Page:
A Franklin doctor was one of several medical professionals who joined dozens of community members outside of Nashville's Justice A. A. Birch Building on Thursday to protest Tennessee's abortion ban which went into effect that day, dramatically reshaping the state's healthcare landscape.
“I'm here to tell you that the ‘Human Life Protection Act’ is a barrier to women trying to access comprehensive health care,” Dr. Laura Andreson told the crowd. “The shared decision making that occurs between a woman and a physician belongs in the exam room and not in the legislature.”
Andreson has been practicing obstetrics and gynecology since 2006 and echoed the concerns of her fellow medical professionals, adding that the new law now creates "unnecessary conflict" between a doctor and patient.
“Only until you’ve sat in the silence that occurs after delivering a terrible diagnosis to a parent, or informing a woman hemorrhaging that the only way to save her life is to end her pregnancy, do you have a right to weigh in on this subject.”
As reported by the Nashville Post, the Republican-led state legislature passed the Human Life Protection Act in 2019, and the 30-day countdown for the abortion ban was triggered a month ago by the official recording of the U.S. Supreme Court’s decision overturning Roe v. Wade.
Now state law reads that those who perform or attempt to perform an abortion could be charged with a Class C felony.
"While state officials, including Gov. Bill Lee, describe an 'exception' under the law for protecting the life of a pregnant person, the law only provides an 'affirmative defense' for doctors charged with the felony," the Nashville Post reported.
“Every day since I learned the application to the trigger ban I worry about becoming a felon," Andreson said during her address. "As today, Aug. 25, has been rapidly approaching, I've encountered multiple situations in my clinic that will absolutely be considered abortions subject to criminal penalties. Today is the day that the routine care carries the risk of being charged with a felony.”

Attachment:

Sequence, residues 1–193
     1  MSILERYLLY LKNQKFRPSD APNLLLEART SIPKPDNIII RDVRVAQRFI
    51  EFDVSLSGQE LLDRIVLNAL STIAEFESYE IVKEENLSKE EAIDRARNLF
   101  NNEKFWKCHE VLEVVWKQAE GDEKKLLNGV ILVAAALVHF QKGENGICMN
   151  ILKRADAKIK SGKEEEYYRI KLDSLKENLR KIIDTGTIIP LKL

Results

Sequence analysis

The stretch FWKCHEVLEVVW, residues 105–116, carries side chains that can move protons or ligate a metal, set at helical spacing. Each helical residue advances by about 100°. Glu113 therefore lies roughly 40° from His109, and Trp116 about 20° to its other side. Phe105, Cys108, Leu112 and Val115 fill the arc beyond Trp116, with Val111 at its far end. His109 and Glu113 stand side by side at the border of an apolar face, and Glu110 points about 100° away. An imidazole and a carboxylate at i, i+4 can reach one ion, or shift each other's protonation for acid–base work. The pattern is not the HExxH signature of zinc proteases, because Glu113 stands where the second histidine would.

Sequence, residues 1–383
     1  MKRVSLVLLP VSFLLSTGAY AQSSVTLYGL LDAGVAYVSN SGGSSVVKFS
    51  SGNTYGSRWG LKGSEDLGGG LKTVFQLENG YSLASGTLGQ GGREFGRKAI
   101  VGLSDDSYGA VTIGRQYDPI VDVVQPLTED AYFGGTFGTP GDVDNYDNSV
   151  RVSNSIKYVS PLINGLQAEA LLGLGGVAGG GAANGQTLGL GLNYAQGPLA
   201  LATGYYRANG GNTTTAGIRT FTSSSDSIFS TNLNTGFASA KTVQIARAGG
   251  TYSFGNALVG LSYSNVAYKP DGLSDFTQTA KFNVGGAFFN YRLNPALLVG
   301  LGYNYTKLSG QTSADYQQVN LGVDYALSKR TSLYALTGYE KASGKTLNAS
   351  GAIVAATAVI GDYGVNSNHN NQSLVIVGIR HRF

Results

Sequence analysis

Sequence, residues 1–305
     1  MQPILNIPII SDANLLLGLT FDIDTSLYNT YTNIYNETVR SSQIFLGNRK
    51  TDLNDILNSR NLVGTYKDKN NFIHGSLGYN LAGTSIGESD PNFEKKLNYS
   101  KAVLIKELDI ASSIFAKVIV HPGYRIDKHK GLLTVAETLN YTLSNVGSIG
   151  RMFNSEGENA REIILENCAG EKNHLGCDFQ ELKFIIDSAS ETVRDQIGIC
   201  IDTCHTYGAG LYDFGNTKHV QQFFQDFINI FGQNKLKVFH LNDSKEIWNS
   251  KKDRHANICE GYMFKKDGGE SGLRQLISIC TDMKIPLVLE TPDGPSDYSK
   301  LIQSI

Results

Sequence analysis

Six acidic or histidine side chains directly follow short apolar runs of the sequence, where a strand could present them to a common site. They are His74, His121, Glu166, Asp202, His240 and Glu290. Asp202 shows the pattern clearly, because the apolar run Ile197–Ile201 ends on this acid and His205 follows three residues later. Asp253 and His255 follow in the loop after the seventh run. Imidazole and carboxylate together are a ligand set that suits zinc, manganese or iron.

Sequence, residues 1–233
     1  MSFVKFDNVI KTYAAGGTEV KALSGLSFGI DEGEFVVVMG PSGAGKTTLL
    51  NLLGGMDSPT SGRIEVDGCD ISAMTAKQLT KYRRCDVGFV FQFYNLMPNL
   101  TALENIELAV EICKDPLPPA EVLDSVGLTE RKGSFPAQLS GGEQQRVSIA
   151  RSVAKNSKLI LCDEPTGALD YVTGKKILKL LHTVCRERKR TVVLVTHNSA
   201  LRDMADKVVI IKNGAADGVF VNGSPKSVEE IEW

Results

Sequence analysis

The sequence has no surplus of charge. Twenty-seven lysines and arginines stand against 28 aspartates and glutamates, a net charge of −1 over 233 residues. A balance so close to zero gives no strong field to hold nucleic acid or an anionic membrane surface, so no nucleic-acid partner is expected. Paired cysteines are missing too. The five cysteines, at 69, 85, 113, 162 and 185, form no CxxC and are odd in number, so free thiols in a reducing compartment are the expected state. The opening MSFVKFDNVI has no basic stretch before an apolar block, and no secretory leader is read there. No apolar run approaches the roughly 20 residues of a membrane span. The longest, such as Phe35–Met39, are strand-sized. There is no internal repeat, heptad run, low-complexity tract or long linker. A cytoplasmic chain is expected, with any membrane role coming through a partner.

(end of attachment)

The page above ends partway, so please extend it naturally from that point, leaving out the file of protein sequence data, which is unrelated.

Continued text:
Trigger bans also went into effect on Thursday in Texas and Idaho. According to reporting by The Guardian, some one in three women between the ages of 15 to 44 live in states where abortion has been banned, meaning that nearly 21 million women are affected by this dramatic reversal of the rights of women.
According to reporting by NBC News, 21 states have either banned or restricted abortion access or have pending law to ban or restrict abortion.
“There's a lot of misinformation and confusion regarding exceptions written into this law. Let me be clear, once again, exceptions to this law do not exist. By speaking out against the law, I hope that we can reach an understanding that abortion is healthcare and the women of this state deserve better.”
As Williamson County is the wealthiest county in the state, many residents will likely have the financial ability to travel to states like California where they can receive legal abortion services. While those scenarios do happen, doctors warn that this law has many consequences for women and families that may not be clearly understood by the public, and will likely negatively impact people's lives regardless of their socio-economic status.
"If you have a pregnancy complication where a baby is not viable and you need to travel elsewhere to terminate, that's one thing, but it's another thing if you are critically-ill – you are bleeding into your abdomen," Andreson told the Home Page after the demonstration, "I can't transfer you anywhere. There is a federal law that requires that I treat you acutely so there's no transferring."
She added that her views are her own and do not necessarily represent her colleagues or employer.
View the entire demonstration which included a news conference below.